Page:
Vivian Maier: 1926 - 2009
OK. this is is a long post, but please stay with it. This is a fascinating story that has been circulating throughout the photo blogosphere recently.
I'll preface it by saying that I have always held the belief that the very act of "framing" a picture in the viewfinder is a powerful event; sometimes that act alone can be fulfilling enough. I know when I was a kid that I held the camera up to my eye and squeezed the shutter lots and lots and lots of times. Were my parents constantly feeding my addiction by buying lots and lots and lots of 120 film for my Rocket Brownie camera? I doubt it.
So, anyway, this guy named John Maloof in Chicago was apparently rooting around for some good finds at what was basically an estate sale/auction. He ended up buying a HUGE cache of someone's undeveloped rolls of film and negatives. He started developing the film and printing the negatives and found that he had come across a woman who was an extremely talented photographer who apparently had no need to see the end result of lifting the camera to her eye! No prints existed of any of this work. (In this case, it could well have been that the photographer didn't have the resources to take her pictures to the next level; it seems we may never really know for sure, though.)
No prints existed until now, thanks to Mr. Maloof.
Here is the story in his own words, as well as some of the incredible images made by Vivian Maier.
“I acquired Vivian Maier’s negatives while at a furniture and antique auction. From what I know, the auction house acquired her belongings from a storage locker that was auctioned off due to delinquent payments. I purchased her negatives and rolls of film from this auction. I didn't know what 'street photography' was then.
It took me days to look through all of her work. It inspired me to pick up photography myself. Little by little, as I progressed as a photographer, I would revisit Vivian's negatives, I would ‘see’ more in her work. I bought her same camera and took to the same streets soon to realize how difficult it was to make images of her caliber. I discovered the eye she had for photography through my own practice. I am so attached to her work.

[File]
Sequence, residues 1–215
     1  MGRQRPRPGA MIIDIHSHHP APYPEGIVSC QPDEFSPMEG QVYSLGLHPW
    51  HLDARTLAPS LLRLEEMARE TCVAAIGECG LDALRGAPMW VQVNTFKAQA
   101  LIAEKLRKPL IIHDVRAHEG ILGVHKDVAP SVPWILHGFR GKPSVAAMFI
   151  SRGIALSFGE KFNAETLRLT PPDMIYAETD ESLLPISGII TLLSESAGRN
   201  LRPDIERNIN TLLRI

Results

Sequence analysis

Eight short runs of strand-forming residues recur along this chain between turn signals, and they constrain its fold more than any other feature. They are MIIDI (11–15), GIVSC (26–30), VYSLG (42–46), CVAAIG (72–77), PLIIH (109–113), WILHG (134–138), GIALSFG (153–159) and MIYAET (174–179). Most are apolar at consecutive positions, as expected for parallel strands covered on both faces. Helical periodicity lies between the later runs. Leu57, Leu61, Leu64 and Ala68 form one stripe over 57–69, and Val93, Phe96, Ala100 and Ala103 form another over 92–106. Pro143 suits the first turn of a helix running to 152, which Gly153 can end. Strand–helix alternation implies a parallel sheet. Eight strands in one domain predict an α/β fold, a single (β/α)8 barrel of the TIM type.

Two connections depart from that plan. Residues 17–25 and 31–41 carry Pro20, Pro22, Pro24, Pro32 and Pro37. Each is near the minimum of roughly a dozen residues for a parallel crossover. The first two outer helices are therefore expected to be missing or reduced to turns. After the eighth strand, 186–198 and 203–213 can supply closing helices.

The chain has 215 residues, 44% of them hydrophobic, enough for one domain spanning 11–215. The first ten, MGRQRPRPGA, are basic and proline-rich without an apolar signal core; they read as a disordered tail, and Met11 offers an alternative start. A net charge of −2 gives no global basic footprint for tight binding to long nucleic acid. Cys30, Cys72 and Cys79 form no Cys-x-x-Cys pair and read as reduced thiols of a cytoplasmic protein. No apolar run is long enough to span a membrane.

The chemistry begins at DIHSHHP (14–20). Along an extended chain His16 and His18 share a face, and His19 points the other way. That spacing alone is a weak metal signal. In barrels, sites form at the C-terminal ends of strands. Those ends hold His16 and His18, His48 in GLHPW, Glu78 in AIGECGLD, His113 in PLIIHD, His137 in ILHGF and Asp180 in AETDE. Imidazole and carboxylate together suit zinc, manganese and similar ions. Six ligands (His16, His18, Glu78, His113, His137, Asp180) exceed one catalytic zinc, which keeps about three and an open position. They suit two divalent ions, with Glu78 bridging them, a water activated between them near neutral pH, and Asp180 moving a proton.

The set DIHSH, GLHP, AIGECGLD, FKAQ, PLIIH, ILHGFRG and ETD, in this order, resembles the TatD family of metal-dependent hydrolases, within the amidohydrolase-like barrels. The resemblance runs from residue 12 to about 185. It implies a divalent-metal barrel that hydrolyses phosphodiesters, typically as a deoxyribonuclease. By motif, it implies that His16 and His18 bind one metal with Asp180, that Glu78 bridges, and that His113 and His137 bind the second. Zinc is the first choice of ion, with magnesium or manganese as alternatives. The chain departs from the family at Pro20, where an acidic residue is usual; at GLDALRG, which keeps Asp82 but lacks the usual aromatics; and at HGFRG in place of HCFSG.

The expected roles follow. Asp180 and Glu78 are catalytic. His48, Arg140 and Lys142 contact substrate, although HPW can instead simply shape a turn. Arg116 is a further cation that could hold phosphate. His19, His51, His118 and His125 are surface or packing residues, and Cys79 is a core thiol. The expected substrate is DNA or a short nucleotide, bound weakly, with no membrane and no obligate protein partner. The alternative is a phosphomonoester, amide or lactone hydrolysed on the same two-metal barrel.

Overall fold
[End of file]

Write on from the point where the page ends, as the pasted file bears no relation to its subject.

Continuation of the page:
After some researching, I have only little information about Vivian. I cannot find any relatives or heirs after a diligent search.
Central Camera (110 yr old camera shop in Chicago) has encountered Vivian from time to time when she would purchase film while out on the Chicago streets. From what they knew of her, they say she was a Jewish Refugee from wartime France who came to the U.S. in the early 1950's (some of her earlier work shows New York where she must have resided for some time). They say she was a very ‘keep your distance from me’ type of person but was also outspoken. She loved foreign films and didn't care much for American films.
Some of her photos have pictures of children and often times it was near a beach. I later found out she was a nanny for a family on the North Side whose children these most likely were. Her obituary says she lived in Oak Park, a close Chicago suburb.
Out of the 30,000-40,000 negatives I have in the collection, about 10,000-15,000 negatives were still in rolls, undeveloped from the 1960's-1970's. I have been successfully developing these rolls. I still have about 600 rolls yet to develop. I must say, it's very exciting for me. Most of her negatives that were developed in sleeves have the date and location penciled in French (she also had poor penmanship).
The way I found her name was because it was written with pencil on a photo-lab envelope. I decided to 'Google' her name about a year after I purchased these only to find her obituary placed the day before my search. She passed only a couple of days before my inquiry on her
Chicago Tribune's obituary said she was a ‘second mother to John, Lane and Matthew’. After contacting the Chicago Tribune to find out who put out the obituary, I was led to an address on the North Side that didn't exist and a phone number that was disconnected. Were John, Lane and Matthew the children she would nanny on the North Side?
I wanted to meet her in person well before I found her obituary, but the auction house had stated she was ill, so I didn't want to bother her. So many questions would have been answered if I had.”